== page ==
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SpaceX Falcon 1 on Launch Pad  (Source: SpaceX)
Falcon 1 Flight 3 experienced an "anomaly" two minutes into flight

Saturday August 2, 2008 was the launch date for SpaceX's third attempt to launch a privately funded rocket into space. Falcon 1 Flight 3 launched from the Kwajalein Atoll located about 2,500 miles southwest of Hawaii.

According to the New York Times, Falcon 1 Flight 3 failed to reach orbit. Reports say that around two minutes into the flight the rocket was seen to be oscillating before the live signal from an on-board camera went dead and the rocket was lost.

Mission Manager Max Vozoff and launch commentator said, "We are hearing from the launch control center that there has been an anomaly on that vehicle." SpaceX's Elon Musk wrote in a blog post on Saturday at the SpaceX website, "It was obviously a big disappointment not to reach orbit on this flight [Falcon 1, Flight 3].  On the plus side, the flight of our first stage, with the new Merlin 1C engine that will be used in Falcon 9, was picture perfect.  Unfortunately, a problem occurred with stage separation, causing the stages to be held together.  This is under investigation and I will send out a note as soon as we understand exactly what happened."

Musk continued writing, "The most important message I’d like to send right now is that SpaceX will not skip a beat in execution going forward.  We have flight four of Falcon 1 almost ready for flight and flight five right behind that.  I have also given the go ahead to begin fabrication of flight six.  Falcon 9 development will also continue unabated, taking into account the lessons learned with Falcon 1.  We have made great progress this past week with the successful nine engine firing."

Falcon 1 Flight 3 is not the first failure for SpaceX. DailyTech reported in March 2006 that the first Falcon 1 flight failed 20 seconds after liftoff. It was later determined that the failure of the rocket was due to a fuel line leak. In March 2007, DailyTech reported that the second Falcon 1 flight had failed about five minutes into launch.

The payload on Falcon 1 Flight 3 was varied and included the Trailblazer satellite developed for the Jumpstart Program from the Department of Defense's Operationally Responsive Space ORS Office. Two small NASA satellites were also onboard Falcon 1 Flight 3 including PRESat -- a micro laboratory for the Ames Research Center -- and the NanoSail-D -- a test project to study propulsion for space vehicles using an ultra-thin solar sail.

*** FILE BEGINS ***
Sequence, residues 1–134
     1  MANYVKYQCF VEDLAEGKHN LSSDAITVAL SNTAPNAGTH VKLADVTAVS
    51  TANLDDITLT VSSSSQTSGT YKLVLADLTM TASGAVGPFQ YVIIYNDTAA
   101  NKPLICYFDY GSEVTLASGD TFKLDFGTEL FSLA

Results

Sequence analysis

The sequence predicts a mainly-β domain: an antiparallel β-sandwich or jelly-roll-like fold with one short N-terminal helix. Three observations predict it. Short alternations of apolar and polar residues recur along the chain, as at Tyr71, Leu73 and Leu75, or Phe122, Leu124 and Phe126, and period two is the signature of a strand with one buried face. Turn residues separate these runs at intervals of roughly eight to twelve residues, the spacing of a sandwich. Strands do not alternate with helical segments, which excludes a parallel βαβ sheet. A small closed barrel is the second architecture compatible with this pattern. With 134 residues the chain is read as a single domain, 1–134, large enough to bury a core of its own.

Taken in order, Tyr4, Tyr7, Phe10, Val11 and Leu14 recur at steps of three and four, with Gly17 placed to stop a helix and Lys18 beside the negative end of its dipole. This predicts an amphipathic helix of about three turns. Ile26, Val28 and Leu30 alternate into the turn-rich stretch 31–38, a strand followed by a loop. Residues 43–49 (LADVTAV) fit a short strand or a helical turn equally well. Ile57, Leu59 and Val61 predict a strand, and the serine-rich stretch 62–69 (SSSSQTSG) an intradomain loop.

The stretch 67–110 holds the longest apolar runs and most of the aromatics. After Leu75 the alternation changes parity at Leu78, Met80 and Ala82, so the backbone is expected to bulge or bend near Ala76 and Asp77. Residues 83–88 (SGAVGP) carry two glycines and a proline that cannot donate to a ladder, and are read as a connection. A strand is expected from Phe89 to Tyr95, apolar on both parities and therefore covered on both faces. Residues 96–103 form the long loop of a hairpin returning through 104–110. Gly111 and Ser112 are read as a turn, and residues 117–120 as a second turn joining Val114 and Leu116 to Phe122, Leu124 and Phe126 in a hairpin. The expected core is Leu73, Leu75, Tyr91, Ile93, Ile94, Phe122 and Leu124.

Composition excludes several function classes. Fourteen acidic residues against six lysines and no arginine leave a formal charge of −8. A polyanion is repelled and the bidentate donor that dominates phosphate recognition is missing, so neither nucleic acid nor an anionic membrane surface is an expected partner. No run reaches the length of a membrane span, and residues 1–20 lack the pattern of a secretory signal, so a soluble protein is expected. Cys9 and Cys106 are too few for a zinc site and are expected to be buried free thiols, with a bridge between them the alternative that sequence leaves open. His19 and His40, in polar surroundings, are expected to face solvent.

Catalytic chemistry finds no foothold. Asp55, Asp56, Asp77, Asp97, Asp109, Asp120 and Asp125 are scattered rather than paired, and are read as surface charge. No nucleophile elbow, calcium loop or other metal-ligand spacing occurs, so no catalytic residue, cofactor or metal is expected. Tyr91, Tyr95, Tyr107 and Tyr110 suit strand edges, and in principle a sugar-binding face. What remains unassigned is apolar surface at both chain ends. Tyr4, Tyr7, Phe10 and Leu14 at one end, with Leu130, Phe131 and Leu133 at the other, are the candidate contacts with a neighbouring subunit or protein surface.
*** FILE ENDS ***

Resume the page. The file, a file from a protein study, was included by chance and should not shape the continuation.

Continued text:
The New York Times reports that the rocket was also carrying the ashes of 208 people who wished to be shot into space. Among the cremated remains were those of astronaut Gordon Cooper and actor James Doohan of Star Trek fame.

SpaceX's Falcon 1 launch facilities are on Omelek Island and part of the Reagan Test Site (RTS) at the United States Army Kwajalein Atoll in the Central Pacific. SpaceX's Falcon 1 rocket was designed from the ground up  in Hawthorne, California and is a two-stage, liquid oxygen and rocket-grade kerosene powered vehicle.

SpaceX says that the first stage of the Falcon 1 is powered by a single SpaceX Merlin 1C Regenerative engine and the engine was flying for the first time aboard Falcon 1 Flight 3. The second stage of Falcon 1 is powered by a SpaceX Kestrel engine.



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RE: Stupidity of massive proportions
By masher2 (blog) on 8/5/2008 12:34:30 AM , Rating: 2
> "NERVA and Orion had true potential for interplanetary - and if scaled up, even interstellar travel, but nuclear rockets are unlikely to ever be clean enough to be used in the atmosphere"

Eh? Nuclear thermal rockets don't emit any radiation in operation. Orion is obviously a different story, but there's no reason a NERVA-type design couldn't operate in the atmosphere without any safety concerns.

> "No possibility for further innovation in chemical rockets, and I stand by that claim"

But the figures don't support that claim. There are at least four different areas for major innovations. First is the increase in specific impulse possible from exotic fuels -- yes, they're too difficult to use with current technology...but technology improves. Second is the lowering of platform dead weight. Your example of Proton-M, for instance, which weighs 49 tons empty, and can only boost 6 tons into GEO. A weight savings of only 20% would roughly double that payload.

Third, even without increasing overall rocket performance, there's the simple expedient of making a launch simpler and cheaper. With less than 5% of a launch being fuel costs, there's no reason a launch couldn't be far cheaper than it is today, even assuming the same payload and engine performance.

And fourth, there's the possibility of a hybrid launch system that uses a rocket as well as an airbreathing engine, an airplane-assisted launch, or even a ground-based accelerator.

The idea that "we've innovated all we can" is just plain silly. It's like Horatio Nelson claiming his 28-gun wooden sailing ship is the pinnacle of naval technology. Launch technology is in its very infancy...and private firms are ultimately going to be the ones to carry it beyond its current roots.

> "All the more reason to keep using the tried-and-true designs..."

The problem is those "tried and true" designs are decades old. To progress, one has to evolve and try new things.

> "..."instead of starting the whole thing over from scratch."

But no one is "starting from scratch". Even for a company like Space, nearly all their design is evolutionary rather than revolutionary. In 20 years or so, private launch vehicles will have evolved quite a ways from their public counterparts, but for now, those designs are very similar.


RE: Stupidity of massive proportions
By Gholam on 8/5/2008 1:02:49 AM , Rating: 3